Okay, I admit, you do not have the range with a bicycle than you would have with a car or truck but then you hardly ever hear of a bike getting stuck somewhere in the mud or running out of gasoline. Yes, there is much less speed with a bicycle and it all depends on you pedaling and your stamina and such. But then you get exercise, which is good for the cardio-vascular system. A horse is even faster than a bicycle, you say. Sure it is, on short spurts but generally its sustained speed unless you have staging posts where you can change horses is just a little faster than a person walking. So, the bicycle probably wins again. There is one advantage with a horse and that is that you can go thru mud with it where probably you would have to go round it with a bike and that you may be able to swim a river while holding on to your horse swimming. Bit difficult with a bicycle, I know and admit.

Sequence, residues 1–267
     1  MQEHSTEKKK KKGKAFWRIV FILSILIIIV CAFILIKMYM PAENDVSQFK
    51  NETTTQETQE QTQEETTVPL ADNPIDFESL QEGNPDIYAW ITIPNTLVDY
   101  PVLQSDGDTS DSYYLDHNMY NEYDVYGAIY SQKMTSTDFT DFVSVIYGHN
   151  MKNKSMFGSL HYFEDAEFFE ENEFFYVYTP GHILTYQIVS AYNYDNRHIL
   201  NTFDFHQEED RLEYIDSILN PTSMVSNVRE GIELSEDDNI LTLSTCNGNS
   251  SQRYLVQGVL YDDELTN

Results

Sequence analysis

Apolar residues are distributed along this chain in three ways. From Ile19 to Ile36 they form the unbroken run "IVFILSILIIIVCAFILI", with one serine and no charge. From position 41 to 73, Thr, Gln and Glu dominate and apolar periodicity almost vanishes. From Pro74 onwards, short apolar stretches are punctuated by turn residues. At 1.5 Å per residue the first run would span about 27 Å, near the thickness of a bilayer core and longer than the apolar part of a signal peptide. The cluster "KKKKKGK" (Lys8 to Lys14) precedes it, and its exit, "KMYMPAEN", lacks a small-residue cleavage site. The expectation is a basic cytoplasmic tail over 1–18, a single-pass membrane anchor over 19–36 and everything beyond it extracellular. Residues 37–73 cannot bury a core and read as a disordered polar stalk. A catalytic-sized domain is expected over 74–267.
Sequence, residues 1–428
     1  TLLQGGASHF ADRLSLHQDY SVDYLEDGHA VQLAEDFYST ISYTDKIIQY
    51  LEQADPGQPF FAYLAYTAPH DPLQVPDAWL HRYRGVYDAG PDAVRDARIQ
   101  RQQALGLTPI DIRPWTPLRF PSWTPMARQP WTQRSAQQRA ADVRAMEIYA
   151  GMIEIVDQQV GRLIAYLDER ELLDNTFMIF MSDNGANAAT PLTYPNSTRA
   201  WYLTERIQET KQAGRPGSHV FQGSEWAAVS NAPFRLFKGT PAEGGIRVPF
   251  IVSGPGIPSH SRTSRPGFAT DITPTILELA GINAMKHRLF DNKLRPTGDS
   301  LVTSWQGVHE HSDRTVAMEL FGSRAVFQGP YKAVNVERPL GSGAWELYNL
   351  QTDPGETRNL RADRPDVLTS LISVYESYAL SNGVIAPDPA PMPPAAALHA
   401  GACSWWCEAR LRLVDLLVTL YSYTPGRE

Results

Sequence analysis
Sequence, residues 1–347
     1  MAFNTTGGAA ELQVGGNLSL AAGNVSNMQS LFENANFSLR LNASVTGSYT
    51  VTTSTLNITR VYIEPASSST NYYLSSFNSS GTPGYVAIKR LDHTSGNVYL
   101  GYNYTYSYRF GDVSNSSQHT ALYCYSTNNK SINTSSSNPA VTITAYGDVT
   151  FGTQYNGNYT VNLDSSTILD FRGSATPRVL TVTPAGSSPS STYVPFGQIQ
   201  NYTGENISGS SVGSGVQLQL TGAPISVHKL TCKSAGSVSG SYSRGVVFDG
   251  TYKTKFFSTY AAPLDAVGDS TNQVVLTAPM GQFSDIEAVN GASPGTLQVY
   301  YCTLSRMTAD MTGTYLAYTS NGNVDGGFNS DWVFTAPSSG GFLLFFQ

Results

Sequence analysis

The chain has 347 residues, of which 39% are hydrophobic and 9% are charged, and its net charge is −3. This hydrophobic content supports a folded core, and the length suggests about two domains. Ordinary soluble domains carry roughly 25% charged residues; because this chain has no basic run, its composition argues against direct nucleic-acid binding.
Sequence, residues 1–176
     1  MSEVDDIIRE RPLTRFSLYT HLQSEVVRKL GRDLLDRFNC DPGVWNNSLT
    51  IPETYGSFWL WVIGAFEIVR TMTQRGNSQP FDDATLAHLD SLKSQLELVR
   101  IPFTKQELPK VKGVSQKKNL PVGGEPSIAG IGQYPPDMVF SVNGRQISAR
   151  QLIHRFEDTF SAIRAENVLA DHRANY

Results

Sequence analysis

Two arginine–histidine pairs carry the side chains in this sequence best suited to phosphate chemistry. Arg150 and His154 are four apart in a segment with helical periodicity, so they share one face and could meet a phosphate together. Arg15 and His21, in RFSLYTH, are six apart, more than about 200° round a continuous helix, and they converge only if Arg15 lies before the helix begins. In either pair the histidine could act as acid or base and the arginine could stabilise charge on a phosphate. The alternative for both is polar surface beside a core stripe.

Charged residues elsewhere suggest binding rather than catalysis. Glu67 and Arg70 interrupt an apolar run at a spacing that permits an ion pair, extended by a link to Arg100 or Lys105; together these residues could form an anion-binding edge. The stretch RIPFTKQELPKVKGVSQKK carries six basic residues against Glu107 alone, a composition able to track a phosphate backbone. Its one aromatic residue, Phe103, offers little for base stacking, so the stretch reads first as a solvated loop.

He who gives his child a bicycle give him the best toy ever and one that they will not grow out of. It will keep him occupied for hours and gives him good exercise at the same time. It also gives him some mobility with which to explore the “world”. And he can also range further in the pursuit of some kind of economical activities, such as earning money by going door-to-door sharpening knives and scissors or selling goods, such as recycled knives or even such humble goods such handmade clothespins.
© M V Smith